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**MathsIsFun****Administrator**- Registered: 2005-01-21
- Posts: 7,558

Finished off these two pages:

Sequences and Series

Sequences - Finding The Rule

How do they look? Any mistakes?

(And, yes, not much on "Series" .. I hope to do a page or two on that in the future)

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**Ricky****Moderator**- Registered: 2005-12-04
- Posts: 3,791

It should be noted in the 2nd one that even piece wise rules can be applied. My favorite example of this is:

Find the next number in this sequence:

1, 4, 9, 25

Did you guess 36? Because that's wrong. The right answer is 73. The rule in this sequence is:

x_n = n^2, unless n = 5 in which case x_n = 73.

"In the real world, this would be a problem. But in mathematics, we can just define a place where this problem doesn't exist. So we'll go ahead and do that now..."

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**mathsyperson****Moderator**- Registered: 2005-06-22
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...and unless n=4 in which case x_n = 25.

Why did the vector cross the road?

It wanted to be normal.

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**mikau****Member**- Registered: 2005-08-22
- Posts: 1,504

hehehe!

recursive definitions are also valid, right? like the fibbonacci series.

A logarithm is just a misspelled algorithm.

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**mathsyperson****Moderator**- Registered: 2005-06-22
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Recursive definitions are kind of what MathsIsFun is calling 'find the rule'. As he says in the page, they're valid, but an nth term is more useful. The Fibonacci sequence does have an nth term, but it's considerably more complicated than its recursive one.

PS. To understand recursion, you must first understand recursion.

Why did the vector cross the road?

It wanted to be normal.

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**MathsIsFun****Administrator**- Registered: 2005-01-21
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I should at least mention recursion, shouldn't I?

(But maybe I should mention it beforehand ... thanks mathsy!)

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**Ricky****Moderator**- Registered: 2005-12-04
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PS. To understand recursion, you must first understand recursion.

You always curse before you recurse.

"In the real world, this would be a problem. But in mathematics, we can just define a place where this problem doesn't exist. So we'll go ahead and do that now..."

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**JaneFairfax****Member**- Registered: 2007-02-23
- Posts: 6,868

I dont think the finding the rule section is relevant at all.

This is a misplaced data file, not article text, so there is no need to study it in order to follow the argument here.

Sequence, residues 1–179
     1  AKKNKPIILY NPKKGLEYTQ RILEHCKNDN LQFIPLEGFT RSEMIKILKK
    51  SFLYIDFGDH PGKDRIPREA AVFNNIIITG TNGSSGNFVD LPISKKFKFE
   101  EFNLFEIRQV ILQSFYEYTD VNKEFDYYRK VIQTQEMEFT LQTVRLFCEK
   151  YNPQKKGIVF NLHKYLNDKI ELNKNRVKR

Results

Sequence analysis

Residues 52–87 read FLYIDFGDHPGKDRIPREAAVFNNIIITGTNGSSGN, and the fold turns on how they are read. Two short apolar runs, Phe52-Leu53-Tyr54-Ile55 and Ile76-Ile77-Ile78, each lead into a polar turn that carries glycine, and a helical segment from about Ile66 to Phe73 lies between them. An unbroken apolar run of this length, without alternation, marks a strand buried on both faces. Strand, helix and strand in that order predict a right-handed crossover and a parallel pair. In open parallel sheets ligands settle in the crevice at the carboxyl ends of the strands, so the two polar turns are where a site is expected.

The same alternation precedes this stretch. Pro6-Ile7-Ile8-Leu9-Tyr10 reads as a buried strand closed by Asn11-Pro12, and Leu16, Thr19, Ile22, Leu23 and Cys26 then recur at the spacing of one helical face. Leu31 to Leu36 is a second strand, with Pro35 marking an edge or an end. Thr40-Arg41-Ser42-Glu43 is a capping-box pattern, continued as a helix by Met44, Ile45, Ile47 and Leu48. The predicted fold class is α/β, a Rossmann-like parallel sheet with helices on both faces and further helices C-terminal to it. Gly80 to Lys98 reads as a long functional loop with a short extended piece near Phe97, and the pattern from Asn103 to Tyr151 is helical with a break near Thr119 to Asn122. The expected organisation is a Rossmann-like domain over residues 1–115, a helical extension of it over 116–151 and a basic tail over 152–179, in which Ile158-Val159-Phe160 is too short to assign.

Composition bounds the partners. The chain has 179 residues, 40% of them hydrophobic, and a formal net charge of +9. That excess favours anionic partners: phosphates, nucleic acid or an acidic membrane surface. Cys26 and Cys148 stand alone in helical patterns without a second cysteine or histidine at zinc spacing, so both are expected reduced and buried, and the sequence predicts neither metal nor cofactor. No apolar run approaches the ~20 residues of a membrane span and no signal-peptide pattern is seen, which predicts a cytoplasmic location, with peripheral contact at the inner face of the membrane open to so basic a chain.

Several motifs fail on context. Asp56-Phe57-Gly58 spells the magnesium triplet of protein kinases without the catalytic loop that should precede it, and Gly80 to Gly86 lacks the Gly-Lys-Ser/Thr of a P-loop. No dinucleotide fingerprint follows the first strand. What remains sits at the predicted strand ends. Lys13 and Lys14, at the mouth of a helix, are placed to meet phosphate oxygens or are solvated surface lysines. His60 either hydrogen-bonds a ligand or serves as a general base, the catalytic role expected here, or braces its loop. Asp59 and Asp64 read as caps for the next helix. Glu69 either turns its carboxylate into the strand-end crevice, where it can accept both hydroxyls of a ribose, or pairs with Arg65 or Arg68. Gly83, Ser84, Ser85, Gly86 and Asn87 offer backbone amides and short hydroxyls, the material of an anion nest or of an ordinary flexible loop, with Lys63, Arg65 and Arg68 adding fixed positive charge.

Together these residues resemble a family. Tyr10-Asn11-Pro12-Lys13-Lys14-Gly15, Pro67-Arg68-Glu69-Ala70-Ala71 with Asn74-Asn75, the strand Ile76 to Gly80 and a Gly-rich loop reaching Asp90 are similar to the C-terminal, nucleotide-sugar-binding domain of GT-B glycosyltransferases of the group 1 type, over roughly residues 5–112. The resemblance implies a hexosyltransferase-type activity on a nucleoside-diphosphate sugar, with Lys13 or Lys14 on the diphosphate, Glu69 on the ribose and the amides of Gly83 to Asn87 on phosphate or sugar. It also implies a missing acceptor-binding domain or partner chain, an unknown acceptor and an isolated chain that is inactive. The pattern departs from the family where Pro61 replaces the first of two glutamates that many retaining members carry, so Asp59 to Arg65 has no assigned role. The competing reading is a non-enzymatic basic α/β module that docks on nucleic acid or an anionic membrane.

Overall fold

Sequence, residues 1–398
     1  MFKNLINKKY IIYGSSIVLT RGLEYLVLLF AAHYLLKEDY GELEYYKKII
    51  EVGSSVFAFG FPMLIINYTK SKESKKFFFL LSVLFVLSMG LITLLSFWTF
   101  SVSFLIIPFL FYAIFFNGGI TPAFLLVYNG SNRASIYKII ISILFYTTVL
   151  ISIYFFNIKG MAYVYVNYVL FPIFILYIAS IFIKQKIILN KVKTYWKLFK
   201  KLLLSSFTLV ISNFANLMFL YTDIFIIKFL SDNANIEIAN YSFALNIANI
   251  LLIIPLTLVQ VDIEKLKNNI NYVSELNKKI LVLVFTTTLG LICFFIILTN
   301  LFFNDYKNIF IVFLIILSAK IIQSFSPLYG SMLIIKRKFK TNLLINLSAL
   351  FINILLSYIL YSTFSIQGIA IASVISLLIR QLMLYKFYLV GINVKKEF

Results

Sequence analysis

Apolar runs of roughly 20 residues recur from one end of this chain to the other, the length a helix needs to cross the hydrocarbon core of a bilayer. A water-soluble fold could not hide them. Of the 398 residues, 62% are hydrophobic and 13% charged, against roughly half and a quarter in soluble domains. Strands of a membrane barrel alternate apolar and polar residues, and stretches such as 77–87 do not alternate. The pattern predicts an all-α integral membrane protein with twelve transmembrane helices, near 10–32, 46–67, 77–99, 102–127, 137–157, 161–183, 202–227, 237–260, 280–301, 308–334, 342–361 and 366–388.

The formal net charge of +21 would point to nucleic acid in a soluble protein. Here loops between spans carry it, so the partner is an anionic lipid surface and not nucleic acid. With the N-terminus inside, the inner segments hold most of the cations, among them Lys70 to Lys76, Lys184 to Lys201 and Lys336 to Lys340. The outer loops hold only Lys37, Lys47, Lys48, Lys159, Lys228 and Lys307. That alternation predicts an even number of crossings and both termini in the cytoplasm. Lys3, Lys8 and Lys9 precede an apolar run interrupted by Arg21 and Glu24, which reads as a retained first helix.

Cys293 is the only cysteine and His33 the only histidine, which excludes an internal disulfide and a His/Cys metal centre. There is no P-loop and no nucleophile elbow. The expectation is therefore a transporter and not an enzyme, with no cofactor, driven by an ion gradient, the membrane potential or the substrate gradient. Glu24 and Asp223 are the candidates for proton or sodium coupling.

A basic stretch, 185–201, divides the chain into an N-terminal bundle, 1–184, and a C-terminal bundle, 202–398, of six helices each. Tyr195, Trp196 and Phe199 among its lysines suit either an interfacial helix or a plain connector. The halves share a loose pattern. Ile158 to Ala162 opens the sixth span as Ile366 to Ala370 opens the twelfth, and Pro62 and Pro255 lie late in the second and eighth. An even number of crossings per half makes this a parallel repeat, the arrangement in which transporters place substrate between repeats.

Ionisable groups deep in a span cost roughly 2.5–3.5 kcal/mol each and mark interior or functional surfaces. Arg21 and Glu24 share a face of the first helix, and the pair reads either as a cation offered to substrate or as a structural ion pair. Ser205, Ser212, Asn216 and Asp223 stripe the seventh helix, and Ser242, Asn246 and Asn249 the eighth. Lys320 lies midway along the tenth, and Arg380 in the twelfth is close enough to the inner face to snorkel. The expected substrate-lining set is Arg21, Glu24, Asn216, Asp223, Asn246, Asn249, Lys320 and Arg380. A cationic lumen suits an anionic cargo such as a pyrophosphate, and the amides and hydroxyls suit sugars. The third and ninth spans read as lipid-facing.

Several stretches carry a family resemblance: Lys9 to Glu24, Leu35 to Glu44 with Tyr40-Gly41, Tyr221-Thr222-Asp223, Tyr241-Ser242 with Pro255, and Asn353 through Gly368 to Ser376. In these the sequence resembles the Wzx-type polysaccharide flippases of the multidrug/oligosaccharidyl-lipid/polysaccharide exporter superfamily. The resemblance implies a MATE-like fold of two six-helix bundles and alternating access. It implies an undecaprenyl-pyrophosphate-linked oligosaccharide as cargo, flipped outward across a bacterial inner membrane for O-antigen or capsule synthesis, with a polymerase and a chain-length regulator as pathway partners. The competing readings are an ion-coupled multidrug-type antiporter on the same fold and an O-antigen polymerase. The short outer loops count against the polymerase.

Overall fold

If you see a sequence beginning 1, 4, 9
how on earth can you conclude that the next term must be 16? The rule might not be *x[sub]n[/sub]* = *n*[sup]2[/sup] at all. It might be *x[sub]n[/sub]* = (*n*[sup]3[/sup]+11*n*−6)⁄6 instead in which case the next term is not 16 but 17.

In order to define a sequence, you need to define all its terms. You dont just list the first few terms and ask everybody else to find the rule.

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**Ricky****Moderator**- Registered: 2005-12-04
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In order to define a sequence, you need to define all its terms. You dont just list the first few terms and ask everybody else to find the rule.

Technically, you're right. But I think you're missing the bigger picture. In many combinatorial problems which have solutions for n=1, 2, 3..., what you typically do is list out the first few terms, find the rule, then prove that the rule applies. Being able to "see" the rule only after the first few terms is a very important skill and one that needs to be practiced. In general, many problems in pure mathematics also work like this where you can prove it for a few simpler cases and then notice recurring themes to do the entire proof in general. This is especially true with algorithms in graph theory. Not exactly the same thing, but a close parallel.

"In the real world, this would be a problem. But in mathematics, we can just define a place where this problem doesn't exist. So we'll go ahead and do that now..."

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**MathsIsFun****Administrator**- Registered: 2005-01-21
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In order to define a sequence, you need to define all its terms. You dont just list the first few terms and ask everybody else to find the rule.

But then we may as well throw the question away (and with it most IQ tests!)

And people do get asked "find the next number in the sequence", and in that case I think the **simplest rule** would provide the best answer (but mention that there are others).

And when we do get visitors asking questions like that it would be nice to have a page to refer them to ... so if anyone has any neat tricks to include, let me know.

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**Identity****Member**- Registered: 2007-04-18
- Posts: 934

The first rule you give:

"Find the rule of 1, 2, 4, 8, 16, 32, 64"

Isn't that

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**MathsIsFun****Administrator**- Registered: 2005-01-21
- Posts: 7,558

Yes, you are right! Thanks Identity.

I rewrote the example and made it 1,4,9,16, ...

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